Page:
Dave Marash was a celebrated anchor-reporter in New York TV and network news for 40 years. Then, after a brief run at Al Jazeera — preceded by a distinguished 16-year one at “Nightline” — ended in 2008, he took his leave. Marash, now 74, and his wife, Amy, also a former TV producer, have lived in New Mexico for the past few years, but far from being entirely off the grid, Marash now hosts a near-daily podcast, “Here and There With Dave Marash” — available at http://davemarash.com The interview series is a thoughtful and deeply serious exploration of the world by someone who spent the better part of a career doing some serious exploring himself. I spoke recently by phone with Marash. Below is an edited version of our chat:

What did you do after the Al Jazeera run ended?

In 2009, Amy was the producer-videographer and I was the writer/correspondent for a series of reports on the — alas — all too short-lived “World Focus” for PBS . . . [then] I went to China and taught for a semester, and . . . in 2012, we moved to New Mexico. In 2014, I became the co-news director of public radio station KSFR, then gave that up to start the program “Here and There.”

Why New Mexico?

By 2012, it seemed pretty definitive that the television news business had left me and there was no professional need to be in the New York / Washington ambit. My wife had lived there for most of the ’90s and . . . I said, “Let’s try it.” I haven’t regretted it for one minute.

You’ve had a beard your entire career — the only TV newsman for many years who indeed had one. Why?

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I was a radio guy (at 1010 WINS, and Newsradio 88), never expected to work in television, but back then, the only person — except for Santa Claus — who had a beard on TV was me. I didn’t enjoy shaving and I guess you could say it grew on me. I think I look better with it.

 

You were indeed a unique hybrid — a bearded reporter and anchor who also covered sports and serious news. Explain that unusual twist:

I was always a sports fan and back in the ’60s and ’70s when I did a lot of shuffling between news and sports, they were done exactly the same way. There was no stylistic or professional issue. If you remember the great New York newsman Jim Gordon [radio voice of the Giants, who died in 2003] . . . I went up to him and said, “You are my hero, and doing what I want to do. How do you get away with doing both news and sports?” He said, “It’s very simple. Just make sure you know what you are talking about, then you . . . will have credibility with” listeners and viewers.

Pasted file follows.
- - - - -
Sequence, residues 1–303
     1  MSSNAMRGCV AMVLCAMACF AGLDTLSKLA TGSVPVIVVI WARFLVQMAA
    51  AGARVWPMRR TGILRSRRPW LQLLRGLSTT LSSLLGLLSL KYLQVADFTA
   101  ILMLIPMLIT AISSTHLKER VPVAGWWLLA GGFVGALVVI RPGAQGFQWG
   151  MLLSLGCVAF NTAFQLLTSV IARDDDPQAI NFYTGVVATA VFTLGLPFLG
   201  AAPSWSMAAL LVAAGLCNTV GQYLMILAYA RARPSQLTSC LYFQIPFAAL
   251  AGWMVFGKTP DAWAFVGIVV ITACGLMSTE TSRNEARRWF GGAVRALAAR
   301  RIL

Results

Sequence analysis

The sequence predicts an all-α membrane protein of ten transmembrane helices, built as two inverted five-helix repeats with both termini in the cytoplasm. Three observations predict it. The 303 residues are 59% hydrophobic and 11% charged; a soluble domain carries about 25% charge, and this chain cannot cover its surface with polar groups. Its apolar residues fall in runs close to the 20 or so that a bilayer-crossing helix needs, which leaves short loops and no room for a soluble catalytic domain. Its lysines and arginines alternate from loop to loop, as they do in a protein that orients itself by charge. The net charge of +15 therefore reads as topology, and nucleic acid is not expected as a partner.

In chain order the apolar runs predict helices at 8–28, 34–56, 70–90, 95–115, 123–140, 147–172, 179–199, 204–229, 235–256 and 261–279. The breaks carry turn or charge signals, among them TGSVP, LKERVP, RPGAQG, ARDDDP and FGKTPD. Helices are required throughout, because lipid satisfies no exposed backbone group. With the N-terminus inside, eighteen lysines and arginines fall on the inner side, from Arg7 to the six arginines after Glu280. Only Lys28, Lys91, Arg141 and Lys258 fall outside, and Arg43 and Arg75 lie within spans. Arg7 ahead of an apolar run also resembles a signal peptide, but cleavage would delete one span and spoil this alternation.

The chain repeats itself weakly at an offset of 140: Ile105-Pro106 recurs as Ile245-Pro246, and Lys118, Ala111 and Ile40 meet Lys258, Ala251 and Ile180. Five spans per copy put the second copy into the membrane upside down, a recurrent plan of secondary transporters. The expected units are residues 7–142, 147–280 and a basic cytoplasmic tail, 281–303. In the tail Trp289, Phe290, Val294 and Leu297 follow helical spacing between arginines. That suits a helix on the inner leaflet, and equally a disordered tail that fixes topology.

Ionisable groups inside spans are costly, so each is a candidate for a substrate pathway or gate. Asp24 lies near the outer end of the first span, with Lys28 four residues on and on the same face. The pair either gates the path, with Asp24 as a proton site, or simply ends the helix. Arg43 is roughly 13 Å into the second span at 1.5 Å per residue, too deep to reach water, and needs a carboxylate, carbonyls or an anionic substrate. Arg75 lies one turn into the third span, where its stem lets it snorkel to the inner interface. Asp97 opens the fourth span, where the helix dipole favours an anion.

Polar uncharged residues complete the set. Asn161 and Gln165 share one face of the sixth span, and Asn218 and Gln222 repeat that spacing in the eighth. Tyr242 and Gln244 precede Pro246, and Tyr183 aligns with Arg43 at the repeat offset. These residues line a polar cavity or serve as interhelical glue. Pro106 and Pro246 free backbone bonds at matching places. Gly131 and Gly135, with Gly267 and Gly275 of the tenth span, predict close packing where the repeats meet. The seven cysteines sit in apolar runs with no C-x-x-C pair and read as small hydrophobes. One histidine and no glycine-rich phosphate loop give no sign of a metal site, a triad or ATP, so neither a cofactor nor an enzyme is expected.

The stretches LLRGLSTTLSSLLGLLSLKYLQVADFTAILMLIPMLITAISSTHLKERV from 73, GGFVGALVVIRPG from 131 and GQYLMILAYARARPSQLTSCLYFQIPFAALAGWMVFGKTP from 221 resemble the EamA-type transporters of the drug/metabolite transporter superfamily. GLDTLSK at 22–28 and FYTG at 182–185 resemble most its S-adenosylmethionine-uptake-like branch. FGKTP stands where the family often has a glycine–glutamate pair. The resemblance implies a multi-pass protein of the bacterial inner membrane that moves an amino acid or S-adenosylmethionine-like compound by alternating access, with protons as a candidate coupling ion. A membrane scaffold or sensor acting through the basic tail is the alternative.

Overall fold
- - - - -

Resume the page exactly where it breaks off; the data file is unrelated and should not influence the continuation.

You were also at “20/20” for a few years back in the ’80s. Why did you leave?

Because I couldn’t fit myself into the industrial pattern of “20/20,” which wanted its correspondents to do 25 stories a year and do them in a way in which the producer actually did all of the reporting and so much of the writing. I always insisted on writing my own material and report my own material. My byline meant something to me. Even back when I was anchoring [at WCBS/2] I insisted that I be able to do real reporting.

Local TV news has changed dramatically. Why?

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The commitment to serious coverage has declined. My God, over the 45-year period we’re talking about, there was a time early on when during the legislative session in Albany, all three network-owned stations had an Albany correspondent who went to Albany and stayed there for the duration and covered the legislature and state courts as intensely as I and my colleagues were covering city politics. My guess is that 25 years since, New York stations haven’t spent a nickel to have an Albany bureau. It’s a loss because what happens in Albany matters in New York City and the suburbs.

What happened?